Dallas to host first playoff championship; Semifinals rotation announced
[dropcap]T[/dropcap]he sites for college football’s first playoff championship and and the semifinals rotation have been announced, and there really weren’t any surprises.
The first title game will be played at Cowboys Stadium in Arlington, Texas. The announcement was made by the playoff’s executive diretor Bill Hancock on Wednesday.
It was the clear favorite for months, but committee sources leaked information last week that Tampa made an “aggressive” bid and that it wasn’t a done deal yet.
After the decision was announced, ESPN quoted another “source” yesterday as stating, “It was closer than a lot of people thought it would be.”
In reality, it’s been Cowboys Stadium, and was always going to be Cowboys Stadium. (As almost everyone agrees it should be.)
The Tampa talk was likely just cover to not discourage would-be bidders in other years where the host site is considered a “done deal.”
Hancock told reporters that Cowboys Stadium was the choice because, “it’s still The Stadium with a Capital T.”
Another not-so-well-kept secret, the “other” (read: not the Rose, Sugar or Orange bowls) sites in the semifinal rotation were also announced. As expected, the Chick-fil-A Bowl (which will apparently change its name back to the Chick-fil-A Peach Bowl), Cotton Bowl and Fiesta Bowl were chosen.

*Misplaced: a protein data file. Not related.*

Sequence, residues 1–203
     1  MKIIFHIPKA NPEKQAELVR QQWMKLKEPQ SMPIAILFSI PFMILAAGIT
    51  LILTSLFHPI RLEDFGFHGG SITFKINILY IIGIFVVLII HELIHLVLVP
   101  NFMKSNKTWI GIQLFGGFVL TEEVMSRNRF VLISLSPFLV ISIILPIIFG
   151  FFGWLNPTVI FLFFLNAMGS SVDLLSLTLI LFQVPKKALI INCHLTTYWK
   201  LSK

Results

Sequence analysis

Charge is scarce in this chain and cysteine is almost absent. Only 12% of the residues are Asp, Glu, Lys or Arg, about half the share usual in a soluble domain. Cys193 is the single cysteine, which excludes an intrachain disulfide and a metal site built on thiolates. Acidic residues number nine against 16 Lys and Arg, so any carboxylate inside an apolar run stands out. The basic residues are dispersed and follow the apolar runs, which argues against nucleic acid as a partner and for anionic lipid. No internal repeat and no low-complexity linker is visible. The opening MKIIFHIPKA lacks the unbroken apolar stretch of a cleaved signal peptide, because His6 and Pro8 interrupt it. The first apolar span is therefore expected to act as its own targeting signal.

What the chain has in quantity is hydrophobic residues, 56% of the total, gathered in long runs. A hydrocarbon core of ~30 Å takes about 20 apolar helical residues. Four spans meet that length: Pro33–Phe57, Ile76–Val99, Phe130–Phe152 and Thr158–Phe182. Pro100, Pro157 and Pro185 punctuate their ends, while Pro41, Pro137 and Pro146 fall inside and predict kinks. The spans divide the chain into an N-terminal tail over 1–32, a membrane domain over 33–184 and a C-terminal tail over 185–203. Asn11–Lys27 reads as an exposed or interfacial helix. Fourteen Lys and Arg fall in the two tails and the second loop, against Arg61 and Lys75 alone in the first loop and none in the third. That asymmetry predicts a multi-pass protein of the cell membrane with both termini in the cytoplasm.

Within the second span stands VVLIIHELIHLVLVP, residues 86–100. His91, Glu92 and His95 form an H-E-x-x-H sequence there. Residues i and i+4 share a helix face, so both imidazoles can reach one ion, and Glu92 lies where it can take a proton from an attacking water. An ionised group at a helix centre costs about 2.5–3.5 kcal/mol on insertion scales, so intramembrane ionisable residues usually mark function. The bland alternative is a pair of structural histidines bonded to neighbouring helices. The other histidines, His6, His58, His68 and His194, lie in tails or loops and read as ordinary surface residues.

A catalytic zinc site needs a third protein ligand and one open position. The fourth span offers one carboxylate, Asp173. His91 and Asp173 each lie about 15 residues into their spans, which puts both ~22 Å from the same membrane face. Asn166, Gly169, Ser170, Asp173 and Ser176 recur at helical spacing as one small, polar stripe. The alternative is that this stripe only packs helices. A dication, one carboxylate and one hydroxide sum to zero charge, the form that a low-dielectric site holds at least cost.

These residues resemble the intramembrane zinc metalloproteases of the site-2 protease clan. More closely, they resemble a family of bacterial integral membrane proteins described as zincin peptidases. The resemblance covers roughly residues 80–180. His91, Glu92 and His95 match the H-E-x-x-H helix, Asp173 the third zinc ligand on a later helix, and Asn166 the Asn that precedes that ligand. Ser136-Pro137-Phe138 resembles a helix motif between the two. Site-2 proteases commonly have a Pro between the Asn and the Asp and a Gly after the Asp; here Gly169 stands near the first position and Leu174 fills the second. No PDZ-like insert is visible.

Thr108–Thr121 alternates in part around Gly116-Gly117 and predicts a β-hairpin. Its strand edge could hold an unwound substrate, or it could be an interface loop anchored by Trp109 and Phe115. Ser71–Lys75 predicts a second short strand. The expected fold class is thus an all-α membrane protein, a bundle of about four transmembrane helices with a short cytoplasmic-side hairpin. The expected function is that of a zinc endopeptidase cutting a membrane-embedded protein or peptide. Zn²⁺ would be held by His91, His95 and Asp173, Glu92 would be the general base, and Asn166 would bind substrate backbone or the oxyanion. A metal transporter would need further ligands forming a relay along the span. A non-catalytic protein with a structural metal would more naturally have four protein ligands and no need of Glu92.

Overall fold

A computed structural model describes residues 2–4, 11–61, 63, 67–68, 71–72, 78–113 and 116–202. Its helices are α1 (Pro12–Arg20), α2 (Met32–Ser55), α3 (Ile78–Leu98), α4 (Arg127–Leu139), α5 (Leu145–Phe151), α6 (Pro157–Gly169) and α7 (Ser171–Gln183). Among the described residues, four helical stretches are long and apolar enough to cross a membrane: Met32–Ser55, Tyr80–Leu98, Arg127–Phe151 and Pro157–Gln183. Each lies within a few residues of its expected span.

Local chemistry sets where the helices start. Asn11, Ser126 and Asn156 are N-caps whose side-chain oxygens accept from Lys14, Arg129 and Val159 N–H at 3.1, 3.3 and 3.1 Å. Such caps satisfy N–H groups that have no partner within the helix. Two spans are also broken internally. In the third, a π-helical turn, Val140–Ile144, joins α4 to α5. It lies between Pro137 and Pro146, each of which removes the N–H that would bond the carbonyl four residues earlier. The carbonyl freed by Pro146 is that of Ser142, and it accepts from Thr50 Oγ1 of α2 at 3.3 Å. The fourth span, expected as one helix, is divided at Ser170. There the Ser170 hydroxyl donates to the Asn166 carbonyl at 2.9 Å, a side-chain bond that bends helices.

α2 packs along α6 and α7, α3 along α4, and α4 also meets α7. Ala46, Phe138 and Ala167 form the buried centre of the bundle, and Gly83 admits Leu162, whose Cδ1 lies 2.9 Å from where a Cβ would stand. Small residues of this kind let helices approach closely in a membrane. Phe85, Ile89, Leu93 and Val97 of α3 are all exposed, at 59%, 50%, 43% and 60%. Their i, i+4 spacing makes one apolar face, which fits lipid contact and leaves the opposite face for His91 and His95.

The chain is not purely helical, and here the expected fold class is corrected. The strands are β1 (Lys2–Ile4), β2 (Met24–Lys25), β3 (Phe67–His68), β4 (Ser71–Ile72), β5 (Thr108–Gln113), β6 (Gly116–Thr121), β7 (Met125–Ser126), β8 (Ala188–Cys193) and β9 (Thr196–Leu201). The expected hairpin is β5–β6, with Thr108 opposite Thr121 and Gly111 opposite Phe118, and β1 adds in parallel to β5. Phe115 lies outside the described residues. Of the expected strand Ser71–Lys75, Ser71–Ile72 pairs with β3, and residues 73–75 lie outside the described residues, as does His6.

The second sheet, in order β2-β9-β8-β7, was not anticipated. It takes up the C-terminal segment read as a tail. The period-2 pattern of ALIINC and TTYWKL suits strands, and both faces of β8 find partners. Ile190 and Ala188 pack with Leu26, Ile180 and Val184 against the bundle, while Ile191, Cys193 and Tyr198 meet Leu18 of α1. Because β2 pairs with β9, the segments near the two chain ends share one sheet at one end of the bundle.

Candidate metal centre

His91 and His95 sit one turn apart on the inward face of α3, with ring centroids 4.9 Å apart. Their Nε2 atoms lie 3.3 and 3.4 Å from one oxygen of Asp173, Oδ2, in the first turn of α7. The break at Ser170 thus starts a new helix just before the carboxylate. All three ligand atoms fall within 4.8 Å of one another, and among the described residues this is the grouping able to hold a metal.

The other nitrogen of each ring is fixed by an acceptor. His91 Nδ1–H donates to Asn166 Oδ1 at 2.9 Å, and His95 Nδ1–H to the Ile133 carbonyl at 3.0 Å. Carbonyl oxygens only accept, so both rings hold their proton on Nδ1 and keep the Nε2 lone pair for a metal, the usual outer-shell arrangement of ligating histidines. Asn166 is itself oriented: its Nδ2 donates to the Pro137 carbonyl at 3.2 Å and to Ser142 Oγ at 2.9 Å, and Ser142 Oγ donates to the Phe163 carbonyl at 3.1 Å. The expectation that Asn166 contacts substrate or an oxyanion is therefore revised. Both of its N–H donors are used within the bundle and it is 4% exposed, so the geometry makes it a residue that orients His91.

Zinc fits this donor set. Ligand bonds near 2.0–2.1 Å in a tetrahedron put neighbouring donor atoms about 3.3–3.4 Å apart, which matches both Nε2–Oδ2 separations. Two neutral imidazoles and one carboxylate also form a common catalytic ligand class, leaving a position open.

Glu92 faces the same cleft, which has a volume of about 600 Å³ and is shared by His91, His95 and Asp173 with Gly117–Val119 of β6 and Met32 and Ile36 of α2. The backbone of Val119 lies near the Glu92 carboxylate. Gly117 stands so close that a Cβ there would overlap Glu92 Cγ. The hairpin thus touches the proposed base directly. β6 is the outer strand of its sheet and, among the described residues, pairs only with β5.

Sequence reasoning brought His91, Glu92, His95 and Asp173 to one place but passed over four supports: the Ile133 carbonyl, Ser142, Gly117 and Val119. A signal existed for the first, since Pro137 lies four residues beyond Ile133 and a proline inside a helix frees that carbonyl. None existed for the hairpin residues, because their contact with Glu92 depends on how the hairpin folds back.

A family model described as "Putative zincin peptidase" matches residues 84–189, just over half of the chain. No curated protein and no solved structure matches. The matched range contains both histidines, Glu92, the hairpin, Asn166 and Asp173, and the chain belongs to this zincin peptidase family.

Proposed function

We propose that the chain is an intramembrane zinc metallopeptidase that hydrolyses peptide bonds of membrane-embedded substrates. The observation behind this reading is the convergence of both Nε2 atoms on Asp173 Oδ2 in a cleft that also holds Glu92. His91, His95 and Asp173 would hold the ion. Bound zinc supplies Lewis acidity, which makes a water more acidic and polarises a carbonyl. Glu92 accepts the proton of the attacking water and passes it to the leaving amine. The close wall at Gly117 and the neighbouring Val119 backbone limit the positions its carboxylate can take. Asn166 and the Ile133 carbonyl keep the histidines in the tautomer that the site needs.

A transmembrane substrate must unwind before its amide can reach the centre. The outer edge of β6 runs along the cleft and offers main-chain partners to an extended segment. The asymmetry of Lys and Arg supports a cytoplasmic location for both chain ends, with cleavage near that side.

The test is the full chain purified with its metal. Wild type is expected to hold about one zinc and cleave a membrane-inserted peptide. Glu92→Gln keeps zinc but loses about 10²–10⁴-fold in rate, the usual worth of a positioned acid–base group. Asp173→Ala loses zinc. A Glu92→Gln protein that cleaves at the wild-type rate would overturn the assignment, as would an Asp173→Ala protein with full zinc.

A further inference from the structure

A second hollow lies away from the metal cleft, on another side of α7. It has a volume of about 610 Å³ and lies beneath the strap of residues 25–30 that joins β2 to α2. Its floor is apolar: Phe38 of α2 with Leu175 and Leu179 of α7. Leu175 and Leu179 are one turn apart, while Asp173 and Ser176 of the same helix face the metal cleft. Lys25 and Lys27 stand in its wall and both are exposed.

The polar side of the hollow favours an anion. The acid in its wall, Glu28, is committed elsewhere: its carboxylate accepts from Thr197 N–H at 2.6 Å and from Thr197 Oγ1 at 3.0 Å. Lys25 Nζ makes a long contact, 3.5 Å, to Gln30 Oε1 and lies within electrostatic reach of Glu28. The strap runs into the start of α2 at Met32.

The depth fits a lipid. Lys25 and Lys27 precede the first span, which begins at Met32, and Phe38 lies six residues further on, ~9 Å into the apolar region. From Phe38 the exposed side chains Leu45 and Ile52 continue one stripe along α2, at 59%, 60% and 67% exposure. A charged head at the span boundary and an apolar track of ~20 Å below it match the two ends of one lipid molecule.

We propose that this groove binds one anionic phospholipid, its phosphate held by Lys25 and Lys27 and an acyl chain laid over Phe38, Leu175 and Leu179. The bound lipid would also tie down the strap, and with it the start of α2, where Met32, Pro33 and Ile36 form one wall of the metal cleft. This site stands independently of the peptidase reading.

Here’s the rotation for the semifinal sites over the 12-year contract:
- Rose and Sugar bowls: Jan. 1, 2015; Jan. 1, 2018; Jan. 1, 2021; and Jan. 1, 2024.
- Orange and Cotton bowls: Dec. 31, 2015; Dec. 31, 2018; Dec. 31, 2021; and Dec. 31, 2024.
- Fiesta and Chick-fil-A bowls: Dec. 31, 2016; Dec. 31, 2019; Dec. 31, 2022; and Dec. 31, 2025.
Other notes from the release:
- Selection committee. The committee (which still hasn’t been determind) may release some kind of rankings three to four times during the season prior to its final selections, and there will probably be a mock selection process for media members. Each conference can nominate committee members, and those nominations don’t have to be from their league.
- Location. Geography will be a factor in slotting selected teams in the six-bowl playoff rotation, both for when a bowl is a semifinal site and when it’s not. Top seeds will get home-field advantage in the semifinals if it’s possible, such as USC in Pasadena, LSU in New Orleans, Texas in Dallas, or Georgia in Atlanta.
- Future host sites. The hosts for the next two championship games will be announced in September. Don’t expect a cold-weather city without a dome to get the call — Hancock said that’s a long shot. Host cities benefit from the economic impact, but all of the direct revenue goes to the conferences.
- Ticket allotments. The ticket guarantee for schools to sell for playoff bowls will be 12,500. (In the BCS, that guarantee is 17,500.) Ticket prices weren’t announced yet, but there will be a discount for students.
- Team travel. The semifinals will be treated like a typical bowl experience for players, with teams staying at the site for five to six nights. For the championship game, teams may arrive on the Friday before the Monday night game.
Photo credit: Brandon Wade / AP